Whooping Cough (Pertussis)

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What is Whooping Cough?
Whooping Cough is caused by a bacteria (Bordetella Pertussis) which gives your child a very bad cough. This cough can become so bad that it causes your child to make a whooping noise. (Usually in children over 1 year old).

Your child may also be sick because of the coughing. It usually happens in children under the age of 4. When a child gets Whooping cough he/she will have coughing spasms which can be very frightening – this is a guideline to help you cope.

How do you get it?
Whooping cough can be spread by a droplet infection (when a child with the bacteria coughs or sneezes).

What are the symptoms?
It takes 5-21 days for Whooping Cough to develop. Any of the following symptoms may occur:
• Runny Nose
• Sneezing
• Tickly, Dry Cough
• Fever
• Refusing to eat
• Vomiting
• Difficulty Breathing
• Unable to catch breath with coughing fit
• Can be cyanosed or blue in the face
• Extreme Tiredness
• Violent Coughing – the episodes (paroxysms) of coughing can continue to occur for up to 100 days.

Severe symptoms should prompt a parent to seek urgent medical attention.

How to care for your child
• Ensure the child gets plenty of rest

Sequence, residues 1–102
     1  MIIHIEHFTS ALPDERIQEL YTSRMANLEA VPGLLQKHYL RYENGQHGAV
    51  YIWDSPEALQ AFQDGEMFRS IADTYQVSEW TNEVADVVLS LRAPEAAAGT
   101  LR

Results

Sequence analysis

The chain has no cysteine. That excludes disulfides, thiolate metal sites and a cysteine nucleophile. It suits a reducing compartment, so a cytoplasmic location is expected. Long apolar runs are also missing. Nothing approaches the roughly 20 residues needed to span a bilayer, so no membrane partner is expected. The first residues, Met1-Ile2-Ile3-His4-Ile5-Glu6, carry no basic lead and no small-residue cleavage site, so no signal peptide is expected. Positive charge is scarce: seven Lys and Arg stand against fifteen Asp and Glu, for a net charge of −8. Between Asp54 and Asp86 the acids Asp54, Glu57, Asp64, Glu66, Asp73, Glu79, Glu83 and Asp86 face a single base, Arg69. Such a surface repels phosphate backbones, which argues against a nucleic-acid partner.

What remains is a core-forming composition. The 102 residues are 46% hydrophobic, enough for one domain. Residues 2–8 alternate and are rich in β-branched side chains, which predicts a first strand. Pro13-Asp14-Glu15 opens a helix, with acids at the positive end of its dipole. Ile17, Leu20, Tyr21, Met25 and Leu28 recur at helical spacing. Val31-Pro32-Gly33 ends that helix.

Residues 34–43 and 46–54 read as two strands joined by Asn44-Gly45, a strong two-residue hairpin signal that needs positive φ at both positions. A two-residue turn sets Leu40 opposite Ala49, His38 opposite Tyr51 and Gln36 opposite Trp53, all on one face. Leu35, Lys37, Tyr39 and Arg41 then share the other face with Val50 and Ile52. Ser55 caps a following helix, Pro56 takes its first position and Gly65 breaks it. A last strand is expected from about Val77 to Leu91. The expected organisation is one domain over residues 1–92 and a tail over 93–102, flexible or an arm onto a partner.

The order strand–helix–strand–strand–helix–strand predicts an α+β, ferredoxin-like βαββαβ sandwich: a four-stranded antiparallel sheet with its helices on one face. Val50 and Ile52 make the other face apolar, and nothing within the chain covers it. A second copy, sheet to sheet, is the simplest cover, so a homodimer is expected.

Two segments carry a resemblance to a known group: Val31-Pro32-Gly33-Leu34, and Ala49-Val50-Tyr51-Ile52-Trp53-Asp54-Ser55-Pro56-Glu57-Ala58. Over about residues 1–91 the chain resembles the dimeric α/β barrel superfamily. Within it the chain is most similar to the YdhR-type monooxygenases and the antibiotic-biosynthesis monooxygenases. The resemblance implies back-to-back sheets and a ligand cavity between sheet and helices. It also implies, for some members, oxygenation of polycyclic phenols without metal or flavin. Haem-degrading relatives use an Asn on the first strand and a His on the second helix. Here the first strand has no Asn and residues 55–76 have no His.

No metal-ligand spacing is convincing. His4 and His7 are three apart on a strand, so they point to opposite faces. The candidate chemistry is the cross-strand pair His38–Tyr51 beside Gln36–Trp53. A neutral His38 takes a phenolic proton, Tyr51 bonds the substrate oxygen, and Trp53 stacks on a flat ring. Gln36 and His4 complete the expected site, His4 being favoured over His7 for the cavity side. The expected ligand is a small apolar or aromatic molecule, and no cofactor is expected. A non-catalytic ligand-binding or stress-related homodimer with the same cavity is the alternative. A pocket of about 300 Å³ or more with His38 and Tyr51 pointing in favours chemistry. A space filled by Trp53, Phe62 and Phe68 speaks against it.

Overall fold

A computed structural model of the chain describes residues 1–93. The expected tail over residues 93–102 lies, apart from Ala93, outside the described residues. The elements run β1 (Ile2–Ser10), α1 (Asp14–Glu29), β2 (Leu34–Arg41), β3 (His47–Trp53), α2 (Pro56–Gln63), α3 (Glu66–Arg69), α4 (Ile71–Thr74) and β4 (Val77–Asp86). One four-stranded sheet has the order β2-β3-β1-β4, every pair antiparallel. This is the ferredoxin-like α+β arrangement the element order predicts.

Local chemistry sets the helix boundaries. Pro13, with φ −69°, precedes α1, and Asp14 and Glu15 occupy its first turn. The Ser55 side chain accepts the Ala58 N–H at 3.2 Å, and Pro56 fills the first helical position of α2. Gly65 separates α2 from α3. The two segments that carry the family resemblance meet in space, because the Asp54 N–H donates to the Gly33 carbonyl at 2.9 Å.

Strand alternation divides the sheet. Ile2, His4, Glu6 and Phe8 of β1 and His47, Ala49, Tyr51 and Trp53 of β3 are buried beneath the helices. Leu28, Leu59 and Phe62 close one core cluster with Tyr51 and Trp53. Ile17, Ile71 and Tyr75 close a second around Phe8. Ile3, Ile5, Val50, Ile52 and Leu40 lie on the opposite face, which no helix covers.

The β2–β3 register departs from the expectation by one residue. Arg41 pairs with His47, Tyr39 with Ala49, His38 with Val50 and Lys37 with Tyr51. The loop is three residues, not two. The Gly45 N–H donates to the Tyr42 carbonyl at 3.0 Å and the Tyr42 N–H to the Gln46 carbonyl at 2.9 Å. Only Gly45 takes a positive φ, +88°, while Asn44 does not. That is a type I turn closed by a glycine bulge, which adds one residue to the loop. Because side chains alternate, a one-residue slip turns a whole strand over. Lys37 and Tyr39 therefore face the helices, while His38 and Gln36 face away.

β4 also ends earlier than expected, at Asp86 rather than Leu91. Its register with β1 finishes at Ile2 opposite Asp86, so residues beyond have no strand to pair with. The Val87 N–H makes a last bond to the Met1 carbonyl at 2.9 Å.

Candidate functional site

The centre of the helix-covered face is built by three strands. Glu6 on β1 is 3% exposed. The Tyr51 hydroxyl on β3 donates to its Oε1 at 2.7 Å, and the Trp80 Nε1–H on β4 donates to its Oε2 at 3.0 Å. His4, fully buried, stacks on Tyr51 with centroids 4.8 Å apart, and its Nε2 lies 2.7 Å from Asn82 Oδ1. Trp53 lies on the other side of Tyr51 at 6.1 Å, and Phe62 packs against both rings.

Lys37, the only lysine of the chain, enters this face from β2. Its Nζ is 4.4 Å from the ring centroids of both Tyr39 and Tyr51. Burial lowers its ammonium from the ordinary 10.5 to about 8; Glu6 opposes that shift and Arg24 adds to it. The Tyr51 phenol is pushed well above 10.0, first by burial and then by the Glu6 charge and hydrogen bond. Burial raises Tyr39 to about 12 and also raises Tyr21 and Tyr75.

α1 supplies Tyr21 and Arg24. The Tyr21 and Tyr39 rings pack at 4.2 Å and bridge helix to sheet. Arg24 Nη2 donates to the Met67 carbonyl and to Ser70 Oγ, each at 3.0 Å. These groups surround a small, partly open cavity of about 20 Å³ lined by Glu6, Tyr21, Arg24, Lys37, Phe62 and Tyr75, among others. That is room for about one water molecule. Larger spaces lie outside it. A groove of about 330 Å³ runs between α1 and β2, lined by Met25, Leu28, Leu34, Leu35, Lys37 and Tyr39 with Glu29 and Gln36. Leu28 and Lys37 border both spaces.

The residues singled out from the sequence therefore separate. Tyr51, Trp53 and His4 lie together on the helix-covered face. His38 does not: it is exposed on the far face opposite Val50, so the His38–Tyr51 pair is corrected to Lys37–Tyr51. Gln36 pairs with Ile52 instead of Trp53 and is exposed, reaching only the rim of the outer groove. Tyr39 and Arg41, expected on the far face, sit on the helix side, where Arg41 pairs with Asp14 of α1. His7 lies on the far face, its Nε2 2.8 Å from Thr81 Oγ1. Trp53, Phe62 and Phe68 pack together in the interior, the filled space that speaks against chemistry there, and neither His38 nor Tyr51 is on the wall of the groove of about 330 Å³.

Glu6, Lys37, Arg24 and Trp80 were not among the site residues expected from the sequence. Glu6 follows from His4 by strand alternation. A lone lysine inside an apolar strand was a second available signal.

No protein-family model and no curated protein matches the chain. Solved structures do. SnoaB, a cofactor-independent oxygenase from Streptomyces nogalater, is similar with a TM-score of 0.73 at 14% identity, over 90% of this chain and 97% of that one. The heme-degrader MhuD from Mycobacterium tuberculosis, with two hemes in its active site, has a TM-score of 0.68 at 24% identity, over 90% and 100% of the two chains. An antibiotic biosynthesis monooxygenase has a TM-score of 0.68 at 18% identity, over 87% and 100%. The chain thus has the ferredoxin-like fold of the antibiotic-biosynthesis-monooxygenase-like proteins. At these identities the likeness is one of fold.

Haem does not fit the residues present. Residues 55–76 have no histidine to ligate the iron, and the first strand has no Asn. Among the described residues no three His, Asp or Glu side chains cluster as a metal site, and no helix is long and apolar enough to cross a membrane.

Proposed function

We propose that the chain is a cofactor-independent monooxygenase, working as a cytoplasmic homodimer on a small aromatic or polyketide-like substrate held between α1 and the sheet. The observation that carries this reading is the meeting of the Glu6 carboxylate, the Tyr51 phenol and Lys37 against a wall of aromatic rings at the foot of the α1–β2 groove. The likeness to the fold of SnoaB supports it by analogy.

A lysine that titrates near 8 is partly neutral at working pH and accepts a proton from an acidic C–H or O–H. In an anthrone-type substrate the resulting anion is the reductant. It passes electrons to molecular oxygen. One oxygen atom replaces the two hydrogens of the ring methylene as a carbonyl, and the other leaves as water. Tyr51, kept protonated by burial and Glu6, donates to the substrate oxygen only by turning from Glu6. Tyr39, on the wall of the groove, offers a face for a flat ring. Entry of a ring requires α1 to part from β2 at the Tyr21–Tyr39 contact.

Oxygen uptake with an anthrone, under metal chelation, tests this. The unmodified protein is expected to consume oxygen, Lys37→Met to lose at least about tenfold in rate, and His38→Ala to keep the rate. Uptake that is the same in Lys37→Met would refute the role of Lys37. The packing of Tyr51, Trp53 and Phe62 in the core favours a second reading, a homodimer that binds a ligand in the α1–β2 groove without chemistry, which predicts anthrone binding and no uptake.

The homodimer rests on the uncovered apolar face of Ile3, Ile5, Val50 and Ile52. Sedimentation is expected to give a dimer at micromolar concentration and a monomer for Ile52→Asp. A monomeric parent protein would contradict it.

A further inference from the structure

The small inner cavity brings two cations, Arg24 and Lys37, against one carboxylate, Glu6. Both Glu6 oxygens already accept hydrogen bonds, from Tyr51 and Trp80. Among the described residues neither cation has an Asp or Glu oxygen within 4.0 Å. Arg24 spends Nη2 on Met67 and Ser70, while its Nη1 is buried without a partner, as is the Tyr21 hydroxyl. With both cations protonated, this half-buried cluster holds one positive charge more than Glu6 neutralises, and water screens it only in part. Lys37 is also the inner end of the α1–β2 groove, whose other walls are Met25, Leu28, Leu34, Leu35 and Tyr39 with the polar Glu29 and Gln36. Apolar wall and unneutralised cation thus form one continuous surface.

• Offer small amounts of fluid frequently

Give food and drink as the child is able to take
• After the coughing has subsided you can re-offer your child fluid/food as tolerated
• Keep your child occupied during the day (interest in play may reduce paroxysms of coughing)

Treatment for your child:
• Sometimes children come into hospital and we help them to breath with oxygen.
• Children will usually be given a course of antibiotics
• Hold your child upright during spasms and soothe the back with gentle rubbing, do not pat the back vigorously as this can stimulate coughing

How to Prevent Whooping Cough
When you take your child for their immunisations around 2,3,4 months old, whooping cough immunisation will be given, along with the other primary vaccines. It is therefore important that your child receives this vaccination. The vaccination against pertussiis is also given to pregnant women this has helped reducing the number of whooping coughs in babies. This will help to spread
awareness among the general public.

Your child will still need the whooping cough vaccine even if he/she has had whooping cough. The more people are vaccinated against whooping cough, the less chance of passing on the infection
to a young baby, which can cause serious and possibly fatal complications.